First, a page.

Ok so I like playing the Ontos (M50) The only thing is the US line up at 6.7 is so good and in my set it competes with the M56 and the T92 which are both great and more fun to play. That said the Ontos (we called it that up until something like a yr ago) can be absolutely devastating if played carefully and to its strengths You can pen pretty. In War Thunder, the M4A4 Sherman, equipped with the 75mm SA-50 cannon, will offer a different experience from the well-known Sherman formula that many players are familiar with. Israeli engineers made only minor changes to the initial design of the Sherman, and the hull, suspension, tracks, engine and transmission remained the same.The most.
|Rifle, Multiple 106 mm, Self-propelled, M50 'Ontos'|
Ontos M50A1, the 50-cal spotting rifles can be seen on the upper guns
|Place of origin||United States|
|Used by||United States|
Dominican Civil War
|Mass||8,600 kg (19,000 lb)|
|Length||3.83 m (12 ft 7 in)|
|Width||2.59 m (8 ft 6 in)|
|Height||2.13 m (7 ft 0 in)|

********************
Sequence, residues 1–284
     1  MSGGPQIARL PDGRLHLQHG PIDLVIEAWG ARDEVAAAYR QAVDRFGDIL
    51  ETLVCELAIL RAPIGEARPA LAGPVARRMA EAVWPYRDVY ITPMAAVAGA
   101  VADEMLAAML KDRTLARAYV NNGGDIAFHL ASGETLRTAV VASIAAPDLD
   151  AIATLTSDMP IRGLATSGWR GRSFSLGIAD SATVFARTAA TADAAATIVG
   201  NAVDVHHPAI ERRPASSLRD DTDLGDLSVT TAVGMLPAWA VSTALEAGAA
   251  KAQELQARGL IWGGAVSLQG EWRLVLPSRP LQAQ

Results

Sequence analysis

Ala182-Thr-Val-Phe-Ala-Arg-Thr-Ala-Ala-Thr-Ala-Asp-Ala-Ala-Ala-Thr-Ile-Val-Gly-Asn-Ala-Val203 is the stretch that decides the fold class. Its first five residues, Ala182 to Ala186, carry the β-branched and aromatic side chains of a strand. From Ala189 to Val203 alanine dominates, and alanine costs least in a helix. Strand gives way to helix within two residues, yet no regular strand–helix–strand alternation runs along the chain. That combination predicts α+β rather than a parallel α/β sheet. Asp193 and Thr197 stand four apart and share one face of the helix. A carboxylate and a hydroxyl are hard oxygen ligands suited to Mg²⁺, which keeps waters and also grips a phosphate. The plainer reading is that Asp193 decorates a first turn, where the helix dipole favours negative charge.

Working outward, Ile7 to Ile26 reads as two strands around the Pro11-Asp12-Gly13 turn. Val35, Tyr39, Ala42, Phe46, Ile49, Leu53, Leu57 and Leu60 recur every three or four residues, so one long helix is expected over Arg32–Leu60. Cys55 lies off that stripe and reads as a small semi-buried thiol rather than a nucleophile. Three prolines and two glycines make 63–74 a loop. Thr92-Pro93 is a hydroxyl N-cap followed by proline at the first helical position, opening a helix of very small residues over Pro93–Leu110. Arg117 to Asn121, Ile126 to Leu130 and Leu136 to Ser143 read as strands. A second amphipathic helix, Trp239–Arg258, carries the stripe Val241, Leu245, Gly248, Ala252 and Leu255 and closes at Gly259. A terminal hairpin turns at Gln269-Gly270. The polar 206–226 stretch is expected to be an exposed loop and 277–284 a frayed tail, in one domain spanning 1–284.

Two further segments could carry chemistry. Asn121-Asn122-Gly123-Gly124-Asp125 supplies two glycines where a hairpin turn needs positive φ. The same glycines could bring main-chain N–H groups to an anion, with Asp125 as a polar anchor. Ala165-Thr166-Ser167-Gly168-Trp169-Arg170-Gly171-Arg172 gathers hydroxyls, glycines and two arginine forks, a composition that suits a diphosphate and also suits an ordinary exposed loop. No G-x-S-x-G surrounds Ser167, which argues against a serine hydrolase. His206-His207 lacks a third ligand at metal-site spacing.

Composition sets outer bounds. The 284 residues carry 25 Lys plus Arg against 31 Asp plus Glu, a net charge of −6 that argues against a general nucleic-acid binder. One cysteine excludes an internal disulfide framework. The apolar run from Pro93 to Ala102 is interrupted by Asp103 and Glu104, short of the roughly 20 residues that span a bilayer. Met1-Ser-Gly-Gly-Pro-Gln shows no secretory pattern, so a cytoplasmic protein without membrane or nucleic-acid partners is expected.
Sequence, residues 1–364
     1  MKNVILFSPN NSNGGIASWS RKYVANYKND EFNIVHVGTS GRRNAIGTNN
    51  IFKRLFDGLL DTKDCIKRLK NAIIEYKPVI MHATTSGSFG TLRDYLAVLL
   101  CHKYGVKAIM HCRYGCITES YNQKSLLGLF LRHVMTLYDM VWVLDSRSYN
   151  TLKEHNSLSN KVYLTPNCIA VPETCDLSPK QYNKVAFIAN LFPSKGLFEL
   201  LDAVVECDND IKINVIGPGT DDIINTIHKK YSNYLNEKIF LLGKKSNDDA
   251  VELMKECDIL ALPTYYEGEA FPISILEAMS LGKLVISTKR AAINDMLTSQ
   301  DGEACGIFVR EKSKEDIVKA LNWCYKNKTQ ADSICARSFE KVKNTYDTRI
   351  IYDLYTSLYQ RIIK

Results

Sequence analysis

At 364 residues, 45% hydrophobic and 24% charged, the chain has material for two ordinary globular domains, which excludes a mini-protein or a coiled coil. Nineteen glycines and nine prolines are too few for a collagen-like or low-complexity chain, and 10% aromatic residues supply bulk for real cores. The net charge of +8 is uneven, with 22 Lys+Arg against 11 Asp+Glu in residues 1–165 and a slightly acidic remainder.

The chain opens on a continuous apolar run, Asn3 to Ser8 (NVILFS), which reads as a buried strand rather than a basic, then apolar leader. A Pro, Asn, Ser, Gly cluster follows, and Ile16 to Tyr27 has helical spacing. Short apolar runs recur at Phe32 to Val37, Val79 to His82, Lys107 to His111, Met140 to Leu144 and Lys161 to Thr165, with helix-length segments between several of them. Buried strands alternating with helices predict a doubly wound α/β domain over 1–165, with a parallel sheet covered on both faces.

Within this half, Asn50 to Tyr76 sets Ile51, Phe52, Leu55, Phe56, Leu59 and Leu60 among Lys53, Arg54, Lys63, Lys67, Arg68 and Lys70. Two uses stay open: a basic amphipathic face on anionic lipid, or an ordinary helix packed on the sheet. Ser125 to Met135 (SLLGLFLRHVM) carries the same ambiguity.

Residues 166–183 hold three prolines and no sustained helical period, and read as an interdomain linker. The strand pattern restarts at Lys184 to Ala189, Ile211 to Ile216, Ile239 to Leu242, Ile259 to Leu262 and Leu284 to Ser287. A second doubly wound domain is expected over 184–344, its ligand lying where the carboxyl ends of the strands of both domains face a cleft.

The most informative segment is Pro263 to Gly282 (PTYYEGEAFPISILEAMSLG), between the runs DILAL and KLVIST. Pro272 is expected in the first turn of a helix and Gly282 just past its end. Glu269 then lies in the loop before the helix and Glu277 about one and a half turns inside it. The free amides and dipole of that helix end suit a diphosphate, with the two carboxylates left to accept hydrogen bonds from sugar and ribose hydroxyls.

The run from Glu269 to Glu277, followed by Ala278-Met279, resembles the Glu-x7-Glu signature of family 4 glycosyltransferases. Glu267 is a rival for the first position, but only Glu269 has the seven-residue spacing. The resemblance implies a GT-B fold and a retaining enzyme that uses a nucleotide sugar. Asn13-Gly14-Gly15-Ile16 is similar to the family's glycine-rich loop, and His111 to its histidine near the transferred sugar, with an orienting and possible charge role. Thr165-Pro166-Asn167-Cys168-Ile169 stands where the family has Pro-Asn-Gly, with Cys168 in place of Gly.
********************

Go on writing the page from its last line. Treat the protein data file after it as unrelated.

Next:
|Crew||3 (driver, gunner and loader)|
|6 × M40A1C recoilless rifles|
|1 × .30 (7.62 mm) M1919 Browning machine gun|
|Engine||GM 6-cylinder inline 302 cu in (4.95 l) gasoline engine|
145 hp (108 kW)
|185 km (115 mi)|
|Maximum speed||48 km/h (30 mph)|
Ontos, officially the Rifle, Multiple 106 mm, Self-propelled, M50, was a U.S. light armored tracked anti-tank vehicle developed in the 1950s.
It mounted six 106 mm manually loaded M40 recoilless rifles as its main armament, which could be fired in rapid succession against single targets to guarantee a kill. Although the actual caliber of the main guns was 105 mm it was designated 106 mm to prevent confusion with the ammunition for the 105 mm M27 recoilless rifle, which the M40 replaced.
It was produced in limited numbers for the U.S. Marines after the U.S. Army cancelled the project. The Marines consistently reported excellent results when they used the Ontos for direct fire support against infantry in numerous battles and operations during the Vietnam War. The American stock of Ontos was largely expended towards the end of the conflict and the Ontos was removed from service in 1969.
The Ontos (Greek for 'thing') project was created to be an air transportable tank destroyer capable of being lifted by the cargo aircraft of the 1950s. This limited the vehicle to a weight between 10 and 20 metric tons. The Ontos also had to use the six-cylinder engine then widely used in the Army's GMC trucks. Allis-Chalmers was awarded a contract on August 12, 1955, for 297 vehicles.